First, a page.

Main content

Trump and Putin

It's become an issue in the US presidential campaign, but what are the facts about the connections between Donald Trump's campaign, Russian oligarchs and Vladimir Putin?

It's one of the strangest developments in a very strange election campaign. The Russian president, Vladimir Putin, says Donald Trump is "colourful and talented".

For his part, the Republican nominee says Putin "is very much a leader ... far more than our president has been a leader."

More than flattering words, on specific policy points - such as the civil war in Syria, the influence of NATO in Eastern Europe, and sanctions against Russia imposed over the conflict in Ukraine - Trump and his advisors seem sympathetic if not outright supportive of Putin's foreign policy objectives.

Donald Trump's policies are a startling departure from the normally hawkish Republican Party establishment, and Hillary Clinton and the Democrats have wasted no time in painting Trump's Russia links as a threat to national security.

Meanwhile, according to reports in the American press, Russian intelligence agencies are actively looking to disrupt the election. The hack of Democratic National Committee emails, whose contents were released in July, is just one noteworthy example.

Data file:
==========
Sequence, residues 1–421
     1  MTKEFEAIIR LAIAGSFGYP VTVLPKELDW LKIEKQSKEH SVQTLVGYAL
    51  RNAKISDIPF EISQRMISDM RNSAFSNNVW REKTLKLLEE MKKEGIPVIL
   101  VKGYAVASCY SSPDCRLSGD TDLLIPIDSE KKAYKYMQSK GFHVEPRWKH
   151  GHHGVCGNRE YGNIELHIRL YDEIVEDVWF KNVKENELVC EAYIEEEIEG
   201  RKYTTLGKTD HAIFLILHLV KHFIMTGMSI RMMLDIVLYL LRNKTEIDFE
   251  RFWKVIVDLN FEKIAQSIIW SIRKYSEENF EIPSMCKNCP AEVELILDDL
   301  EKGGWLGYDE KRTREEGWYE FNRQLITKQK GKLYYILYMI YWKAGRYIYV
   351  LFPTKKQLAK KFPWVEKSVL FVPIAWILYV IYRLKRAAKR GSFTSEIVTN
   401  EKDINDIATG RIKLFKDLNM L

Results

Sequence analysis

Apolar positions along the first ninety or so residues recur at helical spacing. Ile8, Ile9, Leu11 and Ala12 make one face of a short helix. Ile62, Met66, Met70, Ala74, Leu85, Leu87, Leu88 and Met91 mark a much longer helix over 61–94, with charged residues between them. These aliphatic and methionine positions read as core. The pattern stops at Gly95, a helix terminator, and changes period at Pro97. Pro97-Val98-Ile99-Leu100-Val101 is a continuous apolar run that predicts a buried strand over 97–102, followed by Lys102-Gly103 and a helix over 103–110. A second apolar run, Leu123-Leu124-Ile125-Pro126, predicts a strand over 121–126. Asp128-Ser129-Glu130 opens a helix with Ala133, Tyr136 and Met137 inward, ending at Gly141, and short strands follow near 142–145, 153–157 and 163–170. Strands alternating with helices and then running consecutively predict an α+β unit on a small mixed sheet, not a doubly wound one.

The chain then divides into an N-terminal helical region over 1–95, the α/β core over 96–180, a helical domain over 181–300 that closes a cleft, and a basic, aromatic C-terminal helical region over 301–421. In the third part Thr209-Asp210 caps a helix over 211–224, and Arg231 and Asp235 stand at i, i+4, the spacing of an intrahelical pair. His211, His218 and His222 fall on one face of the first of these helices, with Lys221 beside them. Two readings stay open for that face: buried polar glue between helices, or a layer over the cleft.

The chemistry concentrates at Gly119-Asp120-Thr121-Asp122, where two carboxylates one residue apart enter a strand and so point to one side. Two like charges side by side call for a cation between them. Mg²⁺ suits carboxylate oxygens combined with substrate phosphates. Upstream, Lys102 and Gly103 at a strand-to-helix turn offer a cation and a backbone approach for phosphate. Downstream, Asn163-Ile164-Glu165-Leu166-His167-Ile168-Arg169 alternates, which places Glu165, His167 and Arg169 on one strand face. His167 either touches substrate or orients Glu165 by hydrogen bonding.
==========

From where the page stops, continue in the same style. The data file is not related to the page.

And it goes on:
In this edition of the Briefing Room, David Aaronovitch asks is Donald Trump Russia's man, or just anxious to rebuild half-burned bridges?

Joining David Aaronovitch in The Briefing Room this week will be:

Gabriel Gatehouse, BBC International Investigations Correspondent

Anne Applebaum, columnist for The Washington Post and director of The Transitions Forum, The Legatum Institute

Franklin Foer, fellow at the New America think tank and a contributing editor to Slate.com

Producer: Michael Wendling
Researcher: Kirsteen Knight
Editor: Innes Bowen.

Available now

28 minutes

Broadcast

You might also like...

You might also like...

Analysis examines the ideas and forces which shape public policy in Britain and abroad

Podcast